When I was in university, I used to think it would be hard while watching my seniors carry fire hoses. In fact, women are as strong as men and very tolerant. The Emergency Management School has a course on fire technical rescue. You say that it’s a form of sport. If you attend this course for two years, you learn various attach techniques which you can use to participate in all kinds of competitions and tournaments. Now, I don’t find physical work hard. It’s true that the clothes are big and bulky and the equipment is heavy. The smallest shoe size we have, for example, is size 39 (equivalent to 8.5 in US size and 6.5 in UK size). I wear size 36 (5.5 in US size and 3.5 in UK size). I wear three or four layers of socks before heading out on a mission.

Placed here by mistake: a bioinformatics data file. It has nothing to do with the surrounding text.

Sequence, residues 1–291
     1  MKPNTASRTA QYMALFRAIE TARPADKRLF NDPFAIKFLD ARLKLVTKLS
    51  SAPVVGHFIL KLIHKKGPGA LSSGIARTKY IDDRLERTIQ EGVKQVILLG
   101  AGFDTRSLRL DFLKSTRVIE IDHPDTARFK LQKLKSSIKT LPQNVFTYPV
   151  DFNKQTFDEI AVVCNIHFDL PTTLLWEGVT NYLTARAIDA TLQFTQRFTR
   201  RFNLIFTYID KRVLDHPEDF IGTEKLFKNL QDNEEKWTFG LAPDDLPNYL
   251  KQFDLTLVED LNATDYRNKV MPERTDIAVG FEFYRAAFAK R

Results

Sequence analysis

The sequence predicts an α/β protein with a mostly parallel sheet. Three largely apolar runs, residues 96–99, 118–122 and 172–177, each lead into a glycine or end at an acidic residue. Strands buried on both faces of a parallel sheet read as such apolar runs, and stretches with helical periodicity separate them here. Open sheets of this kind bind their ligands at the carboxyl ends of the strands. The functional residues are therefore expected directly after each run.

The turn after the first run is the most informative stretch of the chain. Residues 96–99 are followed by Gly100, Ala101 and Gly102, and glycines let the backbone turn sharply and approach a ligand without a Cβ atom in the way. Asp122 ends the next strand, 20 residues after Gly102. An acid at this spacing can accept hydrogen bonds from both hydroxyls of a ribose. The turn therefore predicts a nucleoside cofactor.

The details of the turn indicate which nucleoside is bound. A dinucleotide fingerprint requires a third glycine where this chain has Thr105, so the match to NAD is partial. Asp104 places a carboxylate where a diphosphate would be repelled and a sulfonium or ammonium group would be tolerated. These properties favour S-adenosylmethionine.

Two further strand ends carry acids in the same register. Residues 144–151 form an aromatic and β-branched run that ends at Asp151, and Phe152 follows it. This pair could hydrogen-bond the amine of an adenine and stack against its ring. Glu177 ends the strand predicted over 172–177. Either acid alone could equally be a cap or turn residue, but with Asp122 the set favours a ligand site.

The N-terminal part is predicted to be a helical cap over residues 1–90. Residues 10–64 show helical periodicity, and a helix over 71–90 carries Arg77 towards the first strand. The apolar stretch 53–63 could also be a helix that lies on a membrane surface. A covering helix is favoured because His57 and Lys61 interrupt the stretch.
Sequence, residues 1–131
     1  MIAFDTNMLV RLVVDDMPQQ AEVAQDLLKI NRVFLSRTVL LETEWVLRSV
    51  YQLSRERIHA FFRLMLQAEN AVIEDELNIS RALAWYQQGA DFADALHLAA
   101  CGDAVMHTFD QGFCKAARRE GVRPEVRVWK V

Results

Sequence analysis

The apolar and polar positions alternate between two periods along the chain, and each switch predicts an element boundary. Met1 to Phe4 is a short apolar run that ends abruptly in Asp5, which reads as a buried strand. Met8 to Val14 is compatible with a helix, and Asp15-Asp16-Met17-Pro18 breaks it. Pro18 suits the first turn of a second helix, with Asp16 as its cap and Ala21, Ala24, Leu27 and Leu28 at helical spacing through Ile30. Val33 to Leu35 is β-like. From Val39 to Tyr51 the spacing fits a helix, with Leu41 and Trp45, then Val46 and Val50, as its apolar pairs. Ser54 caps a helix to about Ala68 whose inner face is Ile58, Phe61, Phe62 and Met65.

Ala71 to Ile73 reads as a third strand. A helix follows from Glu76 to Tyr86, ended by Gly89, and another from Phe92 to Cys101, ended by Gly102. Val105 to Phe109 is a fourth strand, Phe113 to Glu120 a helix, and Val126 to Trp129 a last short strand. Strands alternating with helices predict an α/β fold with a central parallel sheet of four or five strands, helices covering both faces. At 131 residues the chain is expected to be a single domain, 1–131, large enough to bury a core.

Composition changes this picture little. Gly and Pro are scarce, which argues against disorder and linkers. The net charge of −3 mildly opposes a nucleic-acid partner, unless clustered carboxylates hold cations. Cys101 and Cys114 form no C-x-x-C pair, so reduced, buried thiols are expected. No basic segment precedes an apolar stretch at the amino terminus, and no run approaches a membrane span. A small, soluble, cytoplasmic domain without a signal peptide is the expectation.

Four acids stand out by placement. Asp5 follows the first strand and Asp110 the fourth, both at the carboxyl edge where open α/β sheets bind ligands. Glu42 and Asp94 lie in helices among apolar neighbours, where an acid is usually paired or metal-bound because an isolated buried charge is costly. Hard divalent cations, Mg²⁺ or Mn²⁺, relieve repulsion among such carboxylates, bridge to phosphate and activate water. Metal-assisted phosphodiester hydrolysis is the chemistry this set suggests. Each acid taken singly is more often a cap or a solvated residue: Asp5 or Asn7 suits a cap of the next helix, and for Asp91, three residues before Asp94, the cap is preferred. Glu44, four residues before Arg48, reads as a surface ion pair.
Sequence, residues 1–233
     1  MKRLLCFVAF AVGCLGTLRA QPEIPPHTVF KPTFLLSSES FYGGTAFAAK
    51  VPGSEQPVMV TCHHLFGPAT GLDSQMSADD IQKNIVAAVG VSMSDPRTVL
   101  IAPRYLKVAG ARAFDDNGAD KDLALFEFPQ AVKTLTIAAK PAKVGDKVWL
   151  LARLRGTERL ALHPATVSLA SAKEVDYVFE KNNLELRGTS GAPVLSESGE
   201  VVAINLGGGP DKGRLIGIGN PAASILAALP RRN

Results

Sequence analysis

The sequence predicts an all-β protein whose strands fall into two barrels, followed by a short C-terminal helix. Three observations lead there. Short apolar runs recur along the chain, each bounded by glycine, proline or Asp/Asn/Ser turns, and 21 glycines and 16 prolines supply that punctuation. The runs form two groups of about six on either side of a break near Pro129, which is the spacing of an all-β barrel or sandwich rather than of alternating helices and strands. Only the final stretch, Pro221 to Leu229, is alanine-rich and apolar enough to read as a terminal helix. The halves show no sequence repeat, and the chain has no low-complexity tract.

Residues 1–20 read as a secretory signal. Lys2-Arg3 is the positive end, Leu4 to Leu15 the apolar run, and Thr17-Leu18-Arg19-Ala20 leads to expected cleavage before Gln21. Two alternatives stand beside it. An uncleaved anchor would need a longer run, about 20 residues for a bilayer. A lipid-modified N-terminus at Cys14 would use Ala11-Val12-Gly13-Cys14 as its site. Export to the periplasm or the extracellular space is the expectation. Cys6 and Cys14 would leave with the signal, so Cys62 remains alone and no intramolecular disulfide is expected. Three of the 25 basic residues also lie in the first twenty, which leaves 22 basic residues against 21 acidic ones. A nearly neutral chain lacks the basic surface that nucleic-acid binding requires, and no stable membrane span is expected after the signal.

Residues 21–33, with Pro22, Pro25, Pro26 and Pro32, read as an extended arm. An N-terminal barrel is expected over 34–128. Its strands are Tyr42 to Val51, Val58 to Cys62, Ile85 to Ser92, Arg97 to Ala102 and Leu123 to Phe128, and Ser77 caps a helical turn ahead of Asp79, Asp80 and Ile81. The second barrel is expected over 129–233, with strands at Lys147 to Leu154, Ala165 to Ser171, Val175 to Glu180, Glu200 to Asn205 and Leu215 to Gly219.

Are all of the clothes, equipment and tools safe to use and meet international standards? Do you have any problem using them?

I heard that a long time ago, firefighters only receive a recue belt, a helmet and a pair of boots. Now, we have uniforms made with nanotechnology that can protect us in up to 800 degrees Celsius for 16 seconds. Our battalion has sufficient uniforms and equipment.

How do people react when they see a female firefighter on duty?

As the uniform is quite impressive many people are very respectful. There even was a man who asked to take a photo with me while his home was burning. Some people get surprised to see me get out of the fire truck. I like that people notice me and take interest in me.
You get this exhilarating feeling every time you’re able to extinguish a fire before it gets out of hand. It’s always nice to hear people say “thank you”. On the contrary, there are times when I see people wailing as they watch their home burn and just want to cry with them but a firefighter has to manage and control her emotions. Those times are hardest.